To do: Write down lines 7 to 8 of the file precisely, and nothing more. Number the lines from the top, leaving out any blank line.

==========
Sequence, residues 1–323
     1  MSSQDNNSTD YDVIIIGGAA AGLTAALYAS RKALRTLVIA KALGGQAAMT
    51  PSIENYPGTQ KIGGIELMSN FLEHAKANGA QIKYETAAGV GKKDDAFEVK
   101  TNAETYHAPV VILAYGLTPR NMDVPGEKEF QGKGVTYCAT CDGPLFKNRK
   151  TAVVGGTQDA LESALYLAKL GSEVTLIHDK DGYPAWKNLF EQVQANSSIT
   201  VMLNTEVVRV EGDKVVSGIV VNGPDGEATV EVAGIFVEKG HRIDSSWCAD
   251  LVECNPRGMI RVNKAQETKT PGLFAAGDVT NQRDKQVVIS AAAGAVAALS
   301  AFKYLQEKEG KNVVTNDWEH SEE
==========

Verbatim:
   251  LVECNPRGMI RVNKAQETKT PGLFAAGDVT NQRDKQVVIS AAAGAVAALS
   301  AFKYLQEKEG KNVVTNDWEH SEE